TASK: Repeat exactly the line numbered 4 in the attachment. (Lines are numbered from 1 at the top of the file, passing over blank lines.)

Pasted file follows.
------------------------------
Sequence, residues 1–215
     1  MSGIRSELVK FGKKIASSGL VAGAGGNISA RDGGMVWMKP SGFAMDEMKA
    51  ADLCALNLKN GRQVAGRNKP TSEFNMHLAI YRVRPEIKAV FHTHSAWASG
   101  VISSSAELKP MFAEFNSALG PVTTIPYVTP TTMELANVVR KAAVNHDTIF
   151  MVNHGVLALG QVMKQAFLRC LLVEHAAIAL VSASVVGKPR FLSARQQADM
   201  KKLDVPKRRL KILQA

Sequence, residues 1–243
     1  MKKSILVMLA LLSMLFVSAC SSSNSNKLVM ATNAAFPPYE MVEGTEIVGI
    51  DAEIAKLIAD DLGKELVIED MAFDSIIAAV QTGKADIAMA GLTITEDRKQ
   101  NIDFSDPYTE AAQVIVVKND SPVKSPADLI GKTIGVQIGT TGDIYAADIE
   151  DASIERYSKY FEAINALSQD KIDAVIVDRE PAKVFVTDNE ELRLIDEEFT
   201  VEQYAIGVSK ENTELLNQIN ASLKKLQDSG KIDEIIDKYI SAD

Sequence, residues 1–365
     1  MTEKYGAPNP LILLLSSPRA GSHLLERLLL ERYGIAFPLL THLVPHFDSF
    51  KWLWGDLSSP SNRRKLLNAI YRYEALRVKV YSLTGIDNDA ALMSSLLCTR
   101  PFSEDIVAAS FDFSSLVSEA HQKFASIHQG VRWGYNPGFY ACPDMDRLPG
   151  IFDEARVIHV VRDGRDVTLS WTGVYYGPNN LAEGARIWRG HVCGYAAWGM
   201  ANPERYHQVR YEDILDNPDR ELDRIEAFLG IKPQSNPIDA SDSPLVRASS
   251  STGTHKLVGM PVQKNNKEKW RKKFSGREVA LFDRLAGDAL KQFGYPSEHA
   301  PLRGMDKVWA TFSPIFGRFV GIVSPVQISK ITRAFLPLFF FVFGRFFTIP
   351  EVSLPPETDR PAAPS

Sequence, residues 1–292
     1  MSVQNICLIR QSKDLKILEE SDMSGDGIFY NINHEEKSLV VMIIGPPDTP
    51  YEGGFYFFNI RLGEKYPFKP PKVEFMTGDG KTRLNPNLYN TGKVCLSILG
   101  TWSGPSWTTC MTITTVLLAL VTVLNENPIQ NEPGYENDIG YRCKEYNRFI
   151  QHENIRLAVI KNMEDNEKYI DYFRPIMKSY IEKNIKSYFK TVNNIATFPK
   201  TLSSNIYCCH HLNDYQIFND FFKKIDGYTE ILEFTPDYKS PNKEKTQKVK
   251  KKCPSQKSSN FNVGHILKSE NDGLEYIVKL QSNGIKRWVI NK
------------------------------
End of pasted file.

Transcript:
   101  VISSSAELKP MFAEFNSALG PVTTIPYVTP TTMELANVVR KAAVNHDTIF